If You Knew, You Wouldn’t ( by Carley Evans )

Simon, who is a Pharisee, invites Jesus to dinner;  yes — Jesus accepts the invitation. “A woman in the town who is a sinner finds out that Jesus is reclining at the table in the Pharisee’s house. She brings an alabaster jar of fragrant oil and stands behind Him at His feet, weeping, and begins to wash His feet with her tears. She wipes His feet with the hair of her head, kissing them and anointing them with the fragrant oil.” (Luke 7:37-38, HCSB)

Needless to say, the Pharisee is appalled. He thinks if Jesus is truly a prophet, He’d know who and what this woman “is who is touching Him — she’s a sinner!” (Luke 7:39)

Jesus knows Simon’s thinking. As a matter of fact, Jesus knows the thinking of any one who is appalled by acceptance, tolerance, understanding, compassion. We say, “Oh, it’s not the sinner I hate; it’s the sin!” I’m certain Simon feels the same way here. After all, this woman is touching Jesus! Her filth is infectious! We must fight the sin!

But Jesus does not see as we do. Jesus sees that her debt — in its greatness and its immense weight — has given her a greater capacity for love. “Therefore, I tell you, her many sins are forgiven; that’s why she loves much. But the one who is forgiven little, loves little.” (Luke 7:47)

The more we are aware of our own sin, the less we see the sins of others. The more we are forgiven, the more gratitude we carry in our heart. Let us be compassionate above all, for love covers the multitude of sin. Amen.

Back in Place (by Carley Evans)

Took some time off here at the end of the month to spend with my daughter before she moves. Instead of a short vacation, I got sick. Nothing serious, just a bad upper respiratory infection. Still, after 6 days of sneezing, coughing, nose blowing and super headaches, I forgot what working feels like.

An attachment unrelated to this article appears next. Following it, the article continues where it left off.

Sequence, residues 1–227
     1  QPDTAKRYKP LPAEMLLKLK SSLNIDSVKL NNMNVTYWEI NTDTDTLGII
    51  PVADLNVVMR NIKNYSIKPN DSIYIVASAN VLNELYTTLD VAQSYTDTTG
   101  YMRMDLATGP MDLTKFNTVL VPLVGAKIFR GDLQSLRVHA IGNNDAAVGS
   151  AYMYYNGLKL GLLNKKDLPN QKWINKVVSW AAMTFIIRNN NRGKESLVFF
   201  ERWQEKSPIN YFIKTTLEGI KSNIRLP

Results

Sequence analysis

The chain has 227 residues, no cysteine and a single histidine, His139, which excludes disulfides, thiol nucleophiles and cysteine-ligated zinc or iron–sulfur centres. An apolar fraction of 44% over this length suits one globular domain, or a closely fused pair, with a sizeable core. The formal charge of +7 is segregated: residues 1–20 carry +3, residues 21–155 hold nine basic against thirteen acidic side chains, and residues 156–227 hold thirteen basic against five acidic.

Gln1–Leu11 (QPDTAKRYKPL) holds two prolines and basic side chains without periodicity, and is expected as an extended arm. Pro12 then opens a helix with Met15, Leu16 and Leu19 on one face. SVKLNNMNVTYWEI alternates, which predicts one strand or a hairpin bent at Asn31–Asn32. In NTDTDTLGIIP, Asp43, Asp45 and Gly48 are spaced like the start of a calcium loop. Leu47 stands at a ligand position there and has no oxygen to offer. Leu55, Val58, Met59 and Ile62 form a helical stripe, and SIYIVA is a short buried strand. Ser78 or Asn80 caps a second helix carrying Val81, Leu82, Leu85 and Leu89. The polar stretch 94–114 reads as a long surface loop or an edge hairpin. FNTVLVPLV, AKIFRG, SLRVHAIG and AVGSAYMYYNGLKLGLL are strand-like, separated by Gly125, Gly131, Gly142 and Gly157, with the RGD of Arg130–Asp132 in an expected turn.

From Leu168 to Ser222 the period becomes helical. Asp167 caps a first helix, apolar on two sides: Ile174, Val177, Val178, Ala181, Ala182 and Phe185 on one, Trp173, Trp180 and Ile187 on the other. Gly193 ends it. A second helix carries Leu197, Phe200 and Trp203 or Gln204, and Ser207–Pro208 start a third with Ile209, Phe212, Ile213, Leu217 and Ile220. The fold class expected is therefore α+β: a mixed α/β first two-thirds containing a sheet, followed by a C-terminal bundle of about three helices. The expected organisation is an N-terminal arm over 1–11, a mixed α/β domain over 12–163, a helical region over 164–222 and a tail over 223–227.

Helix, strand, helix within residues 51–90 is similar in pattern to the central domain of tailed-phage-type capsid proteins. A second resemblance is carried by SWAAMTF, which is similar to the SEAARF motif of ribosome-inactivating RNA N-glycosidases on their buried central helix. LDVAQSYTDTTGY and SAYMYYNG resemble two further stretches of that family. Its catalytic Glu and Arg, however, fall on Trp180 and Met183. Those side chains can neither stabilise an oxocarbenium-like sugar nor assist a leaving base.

It’s odd when this happens — a subtle loss of a part of self.

You become a sick person, almost purposeless except for needing to get up, go to the bathroom, shower, eat, sleep, watch vapid movies or news of a hurricane, read, write notes, and somehow get to the grocery store or pharmacy for essentials. But, working a 10 hr. day disappears — albeit briefly. That role is subjugated to the role of the temporary invalid.

Going back is like waking up to sunshine after a stent of cloudy days. What a joy to be in the company of fellow workers! What a relief to be back in place!

Father God, thanks for my health. Thanks for my career! Your blessings are many, and are always the best. In Jesus’ Name, amen.

Ten Lepers, One Leaper

Jesus goes into a village, and is met by ten lepers. They are thoughtful, standing at some distance from the Lord. They recognize Him as ‘Master’ and ask Him for mercy. Jesus calmly tells them to show themselves to the priests. They obey Him, going to the priests where they discover — quite suddenly — they are each healed. Think of the surprise, the joy!

Only one of them, however, returns to Jesus to express his gratitude and “praise God with a loud voice.” (Luke 17:15) This ‘foreigner’ as Jesus calls him is the only one of the ten to “fall on his face at Jesus’ feet, giving Him thanks.” (Luke 17:16)

When Jesus first sees the ten lepers, I believe He knows that only one of them — and the Samaritan no less — will be grateful enough to return to praise God. Nevertheless, Jesus heals all ten. It is not the behavior of the lepers that determines God’s goodness or willingness to heal; it is rather God’s very nature. God is good; He is all powerful; He is looking to heal.

Jesus asks, “Were not ten cleansed? Where are the nine?” (Luke 17:17) It’s not as if Jesus doesn’t know where the other nine have gone. He does. He now marvels at the foreigner, the Samaritan, who chose to return to praise his Lord and Savior, Healer and Coming King. Jesus says, “Rise and go your way; your faith has made you well.” (Luke 17:19)

Does this mean the other nine are suddenly un-healed, and made leperous again? Of course not; rather, they have not found Jesus. Only the Samaritan is made whole by his faith in God.

Father God, make us truly grateful for Your loving-kindnesses. In Jesus’ Name, amen.